Contributions by Molly Herndon and Carolyn Bird
The recent Financial Blogger Conference, and the tweet-ups that accompanied the event, shone a light on how many financial blogs exist out there in the webisphere. It seems like everyone with a computer and a half hour of free time in their day is creating a blog, and many are doling out financial advice. Some may be seasoned financial professionals and others might have no business at all giving financial advice. How can you encourage your clients to become financially savvy and to safely use the Internet to their advantage without getting taken advantage of?
Be Wary of “.com”
The Web address designation is the first step in identifying the source of information on the web. The “.com” stands for “commercial” and that means the entity posting the information is a for-profit organization. There are a variety of ways a company can profit through its Web site, including the sale of advertising space or goods or services. Either way, the important thing to keep in mind that making money is the primary purpose of this website, not distributing unbiased financial advice.
This doesn’t mean there isn’t great advice to be had on .com sites. Many reputable news organizations, blogs, and trustworthy financial authorities have .com web addresses. Other useful Web site extensions for your clients to know are:
• .org – these are sites are hosted by non-profit organizations
• .net – this extension is most commonly used by web hosting companies and business’ Intranets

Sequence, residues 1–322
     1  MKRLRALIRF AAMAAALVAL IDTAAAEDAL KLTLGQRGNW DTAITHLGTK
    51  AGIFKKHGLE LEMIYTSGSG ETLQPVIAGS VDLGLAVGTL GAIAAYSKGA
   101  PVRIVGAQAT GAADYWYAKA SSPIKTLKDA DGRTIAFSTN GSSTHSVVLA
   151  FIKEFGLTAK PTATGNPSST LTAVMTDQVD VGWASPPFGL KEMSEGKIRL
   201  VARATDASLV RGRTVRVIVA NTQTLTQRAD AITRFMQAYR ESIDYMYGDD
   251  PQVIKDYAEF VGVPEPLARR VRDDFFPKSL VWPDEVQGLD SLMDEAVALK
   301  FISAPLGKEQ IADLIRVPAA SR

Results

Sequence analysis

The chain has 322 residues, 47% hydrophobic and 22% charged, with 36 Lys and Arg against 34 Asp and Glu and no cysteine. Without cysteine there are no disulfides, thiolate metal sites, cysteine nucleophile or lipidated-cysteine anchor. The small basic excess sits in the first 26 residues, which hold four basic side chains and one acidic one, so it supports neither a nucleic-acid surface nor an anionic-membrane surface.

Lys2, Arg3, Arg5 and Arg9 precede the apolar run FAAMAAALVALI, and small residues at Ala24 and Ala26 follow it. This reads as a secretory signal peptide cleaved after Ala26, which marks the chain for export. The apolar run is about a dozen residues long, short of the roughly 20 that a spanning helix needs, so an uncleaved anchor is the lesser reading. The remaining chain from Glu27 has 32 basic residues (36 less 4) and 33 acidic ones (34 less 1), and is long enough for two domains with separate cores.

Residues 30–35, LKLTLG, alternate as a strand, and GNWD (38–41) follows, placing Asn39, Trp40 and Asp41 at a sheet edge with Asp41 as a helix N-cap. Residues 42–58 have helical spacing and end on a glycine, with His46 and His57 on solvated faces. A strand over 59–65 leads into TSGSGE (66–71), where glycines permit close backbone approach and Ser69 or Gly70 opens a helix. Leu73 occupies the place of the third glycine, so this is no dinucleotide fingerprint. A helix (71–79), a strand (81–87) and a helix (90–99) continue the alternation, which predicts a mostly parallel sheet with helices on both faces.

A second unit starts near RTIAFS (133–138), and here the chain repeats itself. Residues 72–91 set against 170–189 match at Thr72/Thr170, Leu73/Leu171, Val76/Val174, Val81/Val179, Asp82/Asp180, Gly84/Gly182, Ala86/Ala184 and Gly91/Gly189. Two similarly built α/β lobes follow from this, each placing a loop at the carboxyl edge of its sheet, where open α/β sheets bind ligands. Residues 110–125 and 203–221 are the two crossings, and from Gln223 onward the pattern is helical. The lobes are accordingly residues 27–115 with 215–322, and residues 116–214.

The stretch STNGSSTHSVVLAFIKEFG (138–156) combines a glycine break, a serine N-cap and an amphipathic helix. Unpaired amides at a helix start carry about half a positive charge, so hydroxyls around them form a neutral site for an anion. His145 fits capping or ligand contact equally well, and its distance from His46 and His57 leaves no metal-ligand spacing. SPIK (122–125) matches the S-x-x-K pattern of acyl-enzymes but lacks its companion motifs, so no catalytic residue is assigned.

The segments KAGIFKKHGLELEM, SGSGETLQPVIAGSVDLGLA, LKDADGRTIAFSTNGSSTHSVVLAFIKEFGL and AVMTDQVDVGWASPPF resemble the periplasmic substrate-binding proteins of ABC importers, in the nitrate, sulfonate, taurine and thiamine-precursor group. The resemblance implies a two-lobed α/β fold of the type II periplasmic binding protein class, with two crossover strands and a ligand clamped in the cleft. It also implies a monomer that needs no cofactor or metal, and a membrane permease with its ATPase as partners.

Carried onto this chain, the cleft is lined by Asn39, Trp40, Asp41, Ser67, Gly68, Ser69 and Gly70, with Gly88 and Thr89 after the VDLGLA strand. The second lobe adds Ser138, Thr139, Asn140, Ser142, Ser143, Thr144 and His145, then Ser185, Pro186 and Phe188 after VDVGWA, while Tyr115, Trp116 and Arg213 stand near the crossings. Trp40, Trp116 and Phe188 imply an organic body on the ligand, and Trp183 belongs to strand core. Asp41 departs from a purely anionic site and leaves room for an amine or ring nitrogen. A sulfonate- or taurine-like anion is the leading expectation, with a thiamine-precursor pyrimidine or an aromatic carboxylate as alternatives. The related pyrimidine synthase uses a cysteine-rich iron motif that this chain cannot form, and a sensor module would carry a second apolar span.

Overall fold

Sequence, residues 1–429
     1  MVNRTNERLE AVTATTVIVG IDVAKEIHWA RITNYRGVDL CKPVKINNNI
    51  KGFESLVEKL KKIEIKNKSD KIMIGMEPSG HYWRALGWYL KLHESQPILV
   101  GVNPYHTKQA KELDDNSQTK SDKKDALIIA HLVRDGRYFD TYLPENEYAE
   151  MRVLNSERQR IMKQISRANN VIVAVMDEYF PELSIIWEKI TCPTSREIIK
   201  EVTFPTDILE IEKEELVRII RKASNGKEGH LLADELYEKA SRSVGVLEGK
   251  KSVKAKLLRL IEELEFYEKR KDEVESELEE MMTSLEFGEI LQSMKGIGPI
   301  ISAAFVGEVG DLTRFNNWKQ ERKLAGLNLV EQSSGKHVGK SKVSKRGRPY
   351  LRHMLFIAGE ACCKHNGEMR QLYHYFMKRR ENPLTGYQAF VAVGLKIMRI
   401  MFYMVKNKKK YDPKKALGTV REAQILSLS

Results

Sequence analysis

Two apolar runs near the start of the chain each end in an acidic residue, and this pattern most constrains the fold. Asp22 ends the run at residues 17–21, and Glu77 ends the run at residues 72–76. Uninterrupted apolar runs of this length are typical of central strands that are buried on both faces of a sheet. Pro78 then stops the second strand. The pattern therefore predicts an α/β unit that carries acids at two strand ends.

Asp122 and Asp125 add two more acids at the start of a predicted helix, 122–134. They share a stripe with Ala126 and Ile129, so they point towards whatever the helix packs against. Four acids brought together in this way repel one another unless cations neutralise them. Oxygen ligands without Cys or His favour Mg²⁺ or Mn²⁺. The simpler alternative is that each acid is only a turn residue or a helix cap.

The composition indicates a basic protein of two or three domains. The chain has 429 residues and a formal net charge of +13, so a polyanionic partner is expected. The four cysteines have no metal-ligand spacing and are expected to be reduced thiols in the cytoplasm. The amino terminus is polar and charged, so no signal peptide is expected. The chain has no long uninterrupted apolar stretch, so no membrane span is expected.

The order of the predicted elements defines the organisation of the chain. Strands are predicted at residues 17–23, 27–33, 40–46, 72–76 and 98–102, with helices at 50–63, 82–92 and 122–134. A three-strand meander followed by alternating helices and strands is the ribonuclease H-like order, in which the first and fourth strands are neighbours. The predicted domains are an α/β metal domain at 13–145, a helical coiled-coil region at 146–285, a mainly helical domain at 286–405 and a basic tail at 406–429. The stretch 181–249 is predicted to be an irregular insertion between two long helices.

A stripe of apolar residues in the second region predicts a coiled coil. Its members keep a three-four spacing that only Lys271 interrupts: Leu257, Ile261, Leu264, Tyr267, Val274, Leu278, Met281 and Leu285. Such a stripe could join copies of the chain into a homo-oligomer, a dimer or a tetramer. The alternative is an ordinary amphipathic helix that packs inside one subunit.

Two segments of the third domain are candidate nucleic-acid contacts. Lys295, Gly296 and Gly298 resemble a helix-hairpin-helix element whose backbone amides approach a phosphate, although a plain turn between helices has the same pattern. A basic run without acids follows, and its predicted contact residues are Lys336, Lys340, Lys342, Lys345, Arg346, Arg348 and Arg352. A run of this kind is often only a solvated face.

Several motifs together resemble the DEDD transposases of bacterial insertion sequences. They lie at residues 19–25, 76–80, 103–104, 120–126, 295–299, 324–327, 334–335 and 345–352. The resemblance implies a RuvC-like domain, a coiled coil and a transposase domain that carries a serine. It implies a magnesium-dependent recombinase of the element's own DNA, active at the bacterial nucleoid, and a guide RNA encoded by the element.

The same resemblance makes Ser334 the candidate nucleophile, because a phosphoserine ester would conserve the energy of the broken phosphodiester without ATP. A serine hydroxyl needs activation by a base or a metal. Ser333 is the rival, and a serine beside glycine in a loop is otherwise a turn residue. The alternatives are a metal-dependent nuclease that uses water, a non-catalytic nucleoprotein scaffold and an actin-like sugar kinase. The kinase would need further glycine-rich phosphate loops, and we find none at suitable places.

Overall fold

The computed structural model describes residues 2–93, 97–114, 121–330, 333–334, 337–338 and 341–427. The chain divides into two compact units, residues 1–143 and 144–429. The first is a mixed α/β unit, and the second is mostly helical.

• .gov – indicates sites that are hosted by U.S. government agencies
• .mil – extensions are reserved for the U.S. Department of Defense
Take Information with a Grain of Salt
Regardless of the source of information, advice provided on a static page is general advice. It’s not tailored to meet the needs of any one person’s specific financial situation. The web is a great resource for general information to familiarize yourself with a topic, such as checking accounts or investment trends. It is a great way for service members to do background research to gain a sense of the number and variety of options available. But when it comes to their personal situation, specific advice should be sought by speaking with a Personal Financial Management Program manager or counselor. Nothing can replace a genuine conversation about a family’s finances.
Make the Internet Work for You
The Internet is a virtually unlimited source of information. Savvy Internet browsers can learn a great deal about finances online. Encourage your clients to become a part of the conversation online by signing up for web alerts around topics they’re interested in learning more about. Google Alerts offers this service and articles on client’s selected topics will be emailed to them each day. Many financial blogs allow users to subscribe so new posts are delivered through email or via Facebook or other social media tool. And encourage clients to share their resources with others. Tweet it, post it to Facebook, save it to a page bookmarking service like Diigo, and email it to your cousin; these capabilities are what make the Internet so great. Sharing information creates dialogue about the topic and that increases the likelihood the user will invest in learning more about the topic.
How has the Internet helped or hindered your work as a PFMP?